For those unfamiliar to the narrative, The Girl with the Dragon Tattoo follows disgraced journalist Mikael Blomkvist (Daniel Craig) and unorthodox investigator/hacker Lisbeth Salander (Rooney Mara), who team up to solve a mystery surrounding a serial killer of women. From a superficial popcorn moviegoer point of view, Dragon Tattoo is just as thrilling and methodical as the book. From the opening credits (where USB cords look sexy and threatening), the tone of the film is never off-centered. Using another addictive score from Trent Reznor and Atticus Ross as his backdrop, Fincher paces the film to perfection, allowing the music to carry Lisbeth through the streets of Sweden and Mikael through the rickety rooms of his cottage till we reach its high-powered conclusion. The result is a slick film that makes you think and cringe through the entire process, whether you know the ending or not.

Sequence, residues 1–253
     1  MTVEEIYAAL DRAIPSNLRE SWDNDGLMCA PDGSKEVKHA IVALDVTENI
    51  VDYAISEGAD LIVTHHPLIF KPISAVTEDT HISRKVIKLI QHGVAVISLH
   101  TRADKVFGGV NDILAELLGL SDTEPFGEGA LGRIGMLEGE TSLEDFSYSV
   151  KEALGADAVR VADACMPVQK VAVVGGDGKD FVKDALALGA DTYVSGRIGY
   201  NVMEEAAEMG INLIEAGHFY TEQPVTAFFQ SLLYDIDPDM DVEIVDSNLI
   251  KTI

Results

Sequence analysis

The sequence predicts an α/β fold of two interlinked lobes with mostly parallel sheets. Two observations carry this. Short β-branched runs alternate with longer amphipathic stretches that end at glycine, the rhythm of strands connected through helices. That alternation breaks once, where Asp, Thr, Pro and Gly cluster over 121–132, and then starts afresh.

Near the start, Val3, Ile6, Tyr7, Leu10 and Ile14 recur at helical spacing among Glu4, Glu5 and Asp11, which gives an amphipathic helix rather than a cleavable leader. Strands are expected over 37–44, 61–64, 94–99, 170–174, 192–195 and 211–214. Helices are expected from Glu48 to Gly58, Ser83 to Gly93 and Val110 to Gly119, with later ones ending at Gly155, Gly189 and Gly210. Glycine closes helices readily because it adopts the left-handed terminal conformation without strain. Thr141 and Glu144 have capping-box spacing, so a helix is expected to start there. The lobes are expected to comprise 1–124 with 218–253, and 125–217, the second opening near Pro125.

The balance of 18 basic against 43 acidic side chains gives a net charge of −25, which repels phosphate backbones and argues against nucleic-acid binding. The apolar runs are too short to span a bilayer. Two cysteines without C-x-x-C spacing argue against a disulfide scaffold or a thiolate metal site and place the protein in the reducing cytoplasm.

Fincher’s greatest achievement, however, is not for his direct, visual adaptation from page to screen. Niels Arden Opley already did that with his Swedish version two years prior. And some have already (rightfully or not) argued that it was a truer, more satisfying film in respect to the storylines and details of the book. But Fincher knew this wasn’t only about depicting the costumes and the beatings and the revelations we imagined in our head. Ultimately, Fincher created a film that spoke from the intent of Larsson when he first wrote it. Dragon Tattoo is fundamentally about the power of women, personified in Lisbeth. Unlike any other film in recent memory, Lisbeth is another type of female superhero. She doesn’t have flowing hair that accompany pouty lips or a busty chest. She does not have the charm of your upper-class socialite or the sense of humor that makes you feel comfortable around her. She is who she is — a heroine confident in her identity, professionally and sexually. (Hell, Lisbeth even screws AND saves James Bond). It’s a character that till now, no author and director have pushed so blatantly into the mainstream. This is a recapture of the feminine soul, a release of a woman’s power. That was the original purpose of Larsson’s Millenium trilogy. And in this remake, Fincher makes sense of it all and gets it right.